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The AA says R20 a litre for petrol is now a realistic scenario before the end of 2021.
The AA says R20 a litre for petrol is now a realistic scenario before the end of 2021.

Motorists could be hit with “catastrophic” fuel price hikes next month as a result of increasing oil prices, warns the AA.

In its mid-month outlook the association expects petrol to rise around 99 c/l with diesel and illuminating paraffin increasing by R1.42 /l when fuel prices are adjusted on November 3.

This would push 95 unleaded petrol inland to a record R19.32/l — a 30% increase since January — and the wholesale price of 50ppm diesel to R17/l — also the highest ever.

“The hikes in diesel and illuminating paraffin would be the largest in SA history, bearing in mind that this is only based on half a month’s data.”

It says R20 a litre for petrol is now a realistic scenario before the end of 2021, adding that it sees little hope of improvement before the end of October.

“Brent Crude has broken through the $85 per barrel mark and the basket of oil prices used to calculate SA's oil price are following Brent higher. We note the concern this is generating in the US, where President Joe Biden was reported to have called on the Opec+ cartel to increase oil output to stabilise prices. This has not generated a response from Opec+, and our view is that a response is not likely, since the current price pressures are beneficial to the cartel’s members,” the AA notes.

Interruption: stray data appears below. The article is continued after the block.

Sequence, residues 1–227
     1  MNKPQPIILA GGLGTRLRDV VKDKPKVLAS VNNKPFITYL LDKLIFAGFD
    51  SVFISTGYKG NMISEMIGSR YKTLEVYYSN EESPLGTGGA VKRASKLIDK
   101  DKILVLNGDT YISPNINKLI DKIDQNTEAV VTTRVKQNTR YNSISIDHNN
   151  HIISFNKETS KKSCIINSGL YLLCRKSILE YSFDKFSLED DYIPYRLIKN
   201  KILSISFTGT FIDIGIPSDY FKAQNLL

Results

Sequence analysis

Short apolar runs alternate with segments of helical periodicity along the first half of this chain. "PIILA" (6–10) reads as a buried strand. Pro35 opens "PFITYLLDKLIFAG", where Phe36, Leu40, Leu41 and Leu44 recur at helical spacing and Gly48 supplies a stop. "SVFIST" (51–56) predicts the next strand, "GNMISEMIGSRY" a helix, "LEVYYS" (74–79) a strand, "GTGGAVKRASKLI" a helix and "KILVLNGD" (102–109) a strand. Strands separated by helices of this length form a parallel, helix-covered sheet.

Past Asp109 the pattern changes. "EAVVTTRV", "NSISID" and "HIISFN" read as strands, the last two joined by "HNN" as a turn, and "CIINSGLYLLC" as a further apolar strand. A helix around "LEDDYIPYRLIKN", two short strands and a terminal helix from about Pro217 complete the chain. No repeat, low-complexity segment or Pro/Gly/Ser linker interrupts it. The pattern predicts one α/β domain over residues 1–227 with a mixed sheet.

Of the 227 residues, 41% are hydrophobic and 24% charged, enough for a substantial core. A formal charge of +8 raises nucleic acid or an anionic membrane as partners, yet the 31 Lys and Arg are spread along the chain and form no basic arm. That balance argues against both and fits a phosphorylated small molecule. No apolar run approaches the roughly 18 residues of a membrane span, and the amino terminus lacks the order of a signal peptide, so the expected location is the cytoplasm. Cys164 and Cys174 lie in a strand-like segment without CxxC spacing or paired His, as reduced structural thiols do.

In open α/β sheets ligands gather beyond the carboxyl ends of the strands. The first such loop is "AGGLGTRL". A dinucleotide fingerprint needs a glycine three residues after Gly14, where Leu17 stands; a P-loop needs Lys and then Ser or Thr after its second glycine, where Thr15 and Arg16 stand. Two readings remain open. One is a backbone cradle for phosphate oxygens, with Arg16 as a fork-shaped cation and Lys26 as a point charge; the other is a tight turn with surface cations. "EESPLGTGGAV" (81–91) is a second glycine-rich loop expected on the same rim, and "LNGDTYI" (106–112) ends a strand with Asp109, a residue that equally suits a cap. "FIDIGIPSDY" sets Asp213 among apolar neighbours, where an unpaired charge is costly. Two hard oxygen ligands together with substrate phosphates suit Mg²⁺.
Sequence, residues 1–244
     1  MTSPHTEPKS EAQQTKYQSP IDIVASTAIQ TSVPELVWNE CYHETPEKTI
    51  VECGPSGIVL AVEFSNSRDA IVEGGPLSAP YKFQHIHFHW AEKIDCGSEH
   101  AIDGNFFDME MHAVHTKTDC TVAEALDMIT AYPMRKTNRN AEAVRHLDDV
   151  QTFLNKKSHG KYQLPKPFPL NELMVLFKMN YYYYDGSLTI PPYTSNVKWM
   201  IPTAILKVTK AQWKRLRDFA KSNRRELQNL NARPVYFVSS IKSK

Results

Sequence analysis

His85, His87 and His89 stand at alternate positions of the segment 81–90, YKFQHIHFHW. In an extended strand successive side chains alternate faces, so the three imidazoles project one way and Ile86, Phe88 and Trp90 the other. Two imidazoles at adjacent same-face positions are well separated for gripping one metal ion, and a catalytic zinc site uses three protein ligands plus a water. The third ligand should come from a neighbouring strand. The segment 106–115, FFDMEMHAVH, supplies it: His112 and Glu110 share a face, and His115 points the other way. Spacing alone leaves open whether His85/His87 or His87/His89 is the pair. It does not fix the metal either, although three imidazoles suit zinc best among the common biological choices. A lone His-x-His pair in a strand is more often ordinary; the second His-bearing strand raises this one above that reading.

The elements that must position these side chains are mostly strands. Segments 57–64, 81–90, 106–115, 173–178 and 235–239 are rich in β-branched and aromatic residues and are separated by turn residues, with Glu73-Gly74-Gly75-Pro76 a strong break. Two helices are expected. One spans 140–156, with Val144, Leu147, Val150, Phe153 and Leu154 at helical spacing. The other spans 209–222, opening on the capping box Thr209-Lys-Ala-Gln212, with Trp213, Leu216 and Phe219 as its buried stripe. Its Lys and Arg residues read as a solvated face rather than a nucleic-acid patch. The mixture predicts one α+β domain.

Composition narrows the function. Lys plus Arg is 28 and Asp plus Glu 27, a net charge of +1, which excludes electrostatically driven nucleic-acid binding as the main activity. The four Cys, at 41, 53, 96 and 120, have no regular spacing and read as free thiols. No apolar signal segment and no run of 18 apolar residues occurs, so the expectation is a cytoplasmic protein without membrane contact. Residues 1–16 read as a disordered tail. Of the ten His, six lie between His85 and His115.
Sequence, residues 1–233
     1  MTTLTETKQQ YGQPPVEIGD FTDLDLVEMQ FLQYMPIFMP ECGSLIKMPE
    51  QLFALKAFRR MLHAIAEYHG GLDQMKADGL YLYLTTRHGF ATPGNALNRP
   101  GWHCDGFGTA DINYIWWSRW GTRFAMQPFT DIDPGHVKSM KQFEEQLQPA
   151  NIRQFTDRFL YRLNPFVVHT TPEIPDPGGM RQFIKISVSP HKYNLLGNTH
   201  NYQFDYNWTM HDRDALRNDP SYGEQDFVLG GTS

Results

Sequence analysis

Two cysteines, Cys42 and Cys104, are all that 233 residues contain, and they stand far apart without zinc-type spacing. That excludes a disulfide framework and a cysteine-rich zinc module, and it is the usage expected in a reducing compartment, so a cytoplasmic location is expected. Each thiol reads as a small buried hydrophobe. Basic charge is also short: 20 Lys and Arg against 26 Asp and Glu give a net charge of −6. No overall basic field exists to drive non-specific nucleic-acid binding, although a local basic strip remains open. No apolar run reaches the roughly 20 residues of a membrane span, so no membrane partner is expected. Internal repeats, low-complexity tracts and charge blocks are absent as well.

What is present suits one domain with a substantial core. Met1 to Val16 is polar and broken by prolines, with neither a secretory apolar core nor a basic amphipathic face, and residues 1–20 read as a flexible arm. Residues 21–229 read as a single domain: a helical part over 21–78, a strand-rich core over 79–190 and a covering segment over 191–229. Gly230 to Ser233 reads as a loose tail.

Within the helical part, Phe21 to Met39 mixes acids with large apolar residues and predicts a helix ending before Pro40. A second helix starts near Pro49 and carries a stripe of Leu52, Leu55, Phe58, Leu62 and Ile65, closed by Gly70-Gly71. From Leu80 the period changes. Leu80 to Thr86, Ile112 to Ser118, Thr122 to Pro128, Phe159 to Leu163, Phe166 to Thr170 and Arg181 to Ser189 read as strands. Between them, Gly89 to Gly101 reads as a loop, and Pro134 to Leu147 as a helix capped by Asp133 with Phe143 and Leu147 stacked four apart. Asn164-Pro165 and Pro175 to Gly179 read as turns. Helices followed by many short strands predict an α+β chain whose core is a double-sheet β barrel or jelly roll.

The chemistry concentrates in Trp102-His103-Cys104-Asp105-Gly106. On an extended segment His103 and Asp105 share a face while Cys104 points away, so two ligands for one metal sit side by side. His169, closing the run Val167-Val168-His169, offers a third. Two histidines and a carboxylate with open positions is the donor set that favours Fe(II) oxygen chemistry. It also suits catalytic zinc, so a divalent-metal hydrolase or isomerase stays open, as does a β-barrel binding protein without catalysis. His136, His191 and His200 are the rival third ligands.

The Association doesn’t expect the oil price squeeze to ease in the short term, as the demand for oil will increase as the northern hemisphere enters its winter season.

A weakened rand will contribute to fuel price hikes, the AA says, with the average rand-dollar exchange rate moving from about R14.55 to R14.90 in the period under review.

The AA says there is also uncertainty regarding changes to the slate levy.

“The under-recovery to date this month has been vast, and the government will, in our view, have no option but to increase the slate levy to recover this deficit, making for a bigger hike,” it says.

Fuel prices are adjusted on the first Wednesday of every month by the department of mineral resources and energy.  


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